I went from being an observant Catholic schoolgirl to being a nontheistic adult. I learned to drive, finally, at 25. Music went from surf music to disco, but my favorites were country and protest. The war went on.

My cousin's husband was killed in action, leaving her with four young children. My brother went to Vietnam and returned, leaving something of himself there. My closest male friend went to Vietnam and returned, having found something of himself there. The first boy I had ever kissed went to Vietnam and returned, had some bad years but has came out the other side. Another good friend went to Vietnam and returned, but has never come out of the darkness. Others, friends, relatives, neighbors, went, and most returned, all changed forever. The war went on.

I opposed the war from the time I first learned anything substantial about it. I gave up financial support from my father for college because I wouldn't "change my thinking." I wore my Another Mother for Peace medallion ("War is not healthy for children and other living things") while I wrote supportive letters and sent "care" packages to the guys I knew who were in Vietnam. The war went on.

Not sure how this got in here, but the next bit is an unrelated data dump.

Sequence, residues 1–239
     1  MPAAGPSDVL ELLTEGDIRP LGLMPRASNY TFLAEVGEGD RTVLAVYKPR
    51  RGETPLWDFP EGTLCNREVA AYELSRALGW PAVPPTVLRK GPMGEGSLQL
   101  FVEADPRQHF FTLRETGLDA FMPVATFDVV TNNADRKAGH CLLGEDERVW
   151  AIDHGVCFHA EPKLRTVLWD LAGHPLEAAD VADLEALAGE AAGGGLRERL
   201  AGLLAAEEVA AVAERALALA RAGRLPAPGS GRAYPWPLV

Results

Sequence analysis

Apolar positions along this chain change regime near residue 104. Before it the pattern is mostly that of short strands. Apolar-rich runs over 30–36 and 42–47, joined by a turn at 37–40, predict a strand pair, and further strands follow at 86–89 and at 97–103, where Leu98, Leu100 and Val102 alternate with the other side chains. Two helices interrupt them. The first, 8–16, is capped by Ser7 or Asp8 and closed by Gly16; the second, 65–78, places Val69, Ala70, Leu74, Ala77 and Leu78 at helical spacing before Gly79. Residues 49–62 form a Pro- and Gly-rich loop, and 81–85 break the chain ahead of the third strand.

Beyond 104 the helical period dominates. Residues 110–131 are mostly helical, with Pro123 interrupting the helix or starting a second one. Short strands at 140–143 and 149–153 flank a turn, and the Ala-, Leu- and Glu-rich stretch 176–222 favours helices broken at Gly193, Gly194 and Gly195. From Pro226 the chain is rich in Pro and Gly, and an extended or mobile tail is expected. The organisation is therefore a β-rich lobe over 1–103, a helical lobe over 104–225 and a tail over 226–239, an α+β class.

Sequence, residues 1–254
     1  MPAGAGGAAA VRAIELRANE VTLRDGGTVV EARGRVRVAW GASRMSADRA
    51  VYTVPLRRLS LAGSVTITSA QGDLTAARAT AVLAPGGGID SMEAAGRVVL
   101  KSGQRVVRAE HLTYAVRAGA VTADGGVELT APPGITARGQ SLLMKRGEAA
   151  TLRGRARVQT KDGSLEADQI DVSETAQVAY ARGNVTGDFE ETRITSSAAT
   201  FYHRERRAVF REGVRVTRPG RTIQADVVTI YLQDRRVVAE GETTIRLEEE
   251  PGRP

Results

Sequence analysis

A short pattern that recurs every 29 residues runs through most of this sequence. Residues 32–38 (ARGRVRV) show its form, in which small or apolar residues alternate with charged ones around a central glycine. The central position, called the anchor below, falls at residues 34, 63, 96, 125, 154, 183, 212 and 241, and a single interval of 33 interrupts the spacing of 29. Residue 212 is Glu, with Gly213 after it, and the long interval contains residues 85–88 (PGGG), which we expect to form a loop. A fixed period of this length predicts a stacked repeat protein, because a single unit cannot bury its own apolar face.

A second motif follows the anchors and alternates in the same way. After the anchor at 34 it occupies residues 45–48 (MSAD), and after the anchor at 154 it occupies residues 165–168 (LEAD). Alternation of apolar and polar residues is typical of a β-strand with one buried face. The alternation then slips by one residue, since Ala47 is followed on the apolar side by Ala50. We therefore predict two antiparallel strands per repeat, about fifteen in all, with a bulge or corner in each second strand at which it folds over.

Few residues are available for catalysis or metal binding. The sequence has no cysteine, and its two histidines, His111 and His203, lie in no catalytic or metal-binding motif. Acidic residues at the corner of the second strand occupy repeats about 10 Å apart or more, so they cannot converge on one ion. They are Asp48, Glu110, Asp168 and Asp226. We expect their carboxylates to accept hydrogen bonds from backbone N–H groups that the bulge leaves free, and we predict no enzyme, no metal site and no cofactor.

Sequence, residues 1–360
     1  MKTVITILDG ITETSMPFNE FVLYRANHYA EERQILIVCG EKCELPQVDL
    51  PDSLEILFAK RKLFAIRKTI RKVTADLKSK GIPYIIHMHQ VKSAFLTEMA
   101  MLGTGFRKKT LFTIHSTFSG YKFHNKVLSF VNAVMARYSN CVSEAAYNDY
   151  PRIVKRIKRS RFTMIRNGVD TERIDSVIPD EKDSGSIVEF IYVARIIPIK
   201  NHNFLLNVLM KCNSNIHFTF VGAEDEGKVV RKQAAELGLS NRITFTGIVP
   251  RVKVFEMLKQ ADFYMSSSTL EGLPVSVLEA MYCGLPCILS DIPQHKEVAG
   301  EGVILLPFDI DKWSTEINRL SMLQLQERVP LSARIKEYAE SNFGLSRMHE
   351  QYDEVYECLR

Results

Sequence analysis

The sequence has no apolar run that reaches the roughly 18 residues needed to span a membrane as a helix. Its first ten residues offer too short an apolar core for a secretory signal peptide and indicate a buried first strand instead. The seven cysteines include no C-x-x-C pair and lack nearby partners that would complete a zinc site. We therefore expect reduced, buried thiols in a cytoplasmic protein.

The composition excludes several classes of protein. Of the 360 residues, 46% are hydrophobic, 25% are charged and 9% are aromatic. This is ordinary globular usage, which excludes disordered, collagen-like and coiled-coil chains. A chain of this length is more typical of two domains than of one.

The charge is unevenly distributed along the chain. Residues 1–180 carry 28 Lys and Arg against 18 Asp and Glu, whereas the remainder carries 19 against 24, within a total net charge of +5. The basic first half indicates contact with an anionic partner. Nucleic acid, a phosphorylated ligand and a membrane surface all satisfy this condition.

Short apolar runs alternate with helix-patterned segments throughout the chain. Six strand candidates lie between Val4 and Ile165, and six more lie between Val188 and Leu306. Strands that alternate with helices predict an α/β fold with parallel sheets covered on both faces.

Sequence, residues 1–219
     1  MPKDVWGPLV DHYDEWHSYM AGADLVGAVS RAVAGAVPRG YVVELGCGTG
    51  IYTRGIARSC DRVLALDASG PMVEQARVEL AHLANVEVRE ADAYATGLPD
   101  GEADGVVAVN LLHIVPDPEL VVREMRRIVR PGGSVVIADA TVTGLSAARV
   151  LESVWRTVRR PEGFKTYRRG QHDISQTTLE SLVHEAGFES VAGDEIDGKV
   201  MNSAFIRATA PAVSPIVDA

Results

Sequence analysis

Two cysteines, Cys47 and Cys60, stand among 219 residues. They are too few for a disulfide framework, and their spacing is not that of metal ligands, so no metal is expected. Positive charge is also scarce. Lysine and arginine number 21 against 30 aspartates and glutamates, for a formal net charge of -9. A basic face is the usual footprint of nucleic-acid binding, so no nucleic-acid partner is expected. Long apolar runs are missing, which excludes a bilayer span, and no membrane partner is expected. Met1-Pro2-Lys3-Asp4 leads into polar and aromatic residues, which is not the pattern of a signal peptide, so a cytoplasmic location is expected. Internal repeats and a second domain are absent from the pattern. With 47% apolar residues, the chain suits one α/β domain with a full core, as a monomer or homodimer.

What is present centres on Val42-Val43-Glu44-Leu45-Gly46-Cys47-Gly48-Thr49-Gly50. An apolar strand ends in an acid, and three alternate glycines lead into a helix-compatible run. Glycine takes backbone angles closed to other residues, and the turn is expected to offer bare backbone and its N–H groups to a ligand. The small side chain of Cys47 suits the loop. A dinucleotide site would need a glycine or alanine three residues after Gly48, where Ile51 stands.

The war in Vietnam was the background to all those years. There was never a single day that I didn't think about it in some way. Much of my teens, most of my young adult years. The war went on and on and on.

And I can't really remember the day it ended.

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From now on...

ALL my LJ posts will be friends-locked. This is the last public post. If I want my Facebook friends to read something, I will reprint it there.

Music That Speaks to Me, #3

The theme of people who fall in love when the timing is wrong--for whatever reason, especially including a difference in ages--has long haunted me. Here are two songs, one from my youth and one from my daughter's (she introduced it to me), on this theme.

https://youtu.be/z4ZipKdI1sY

Say goodbye, my own true lover
As we sing a lover's song
How it breaks my heart to leave you
Now the carnival is gone
High above, the dawn is waking
And my tears are falling rain
For the carnival is over
We may never meet again
Like a drum, my heart was beating
And your kiss was sweet as wine
But the joys of love are fleeting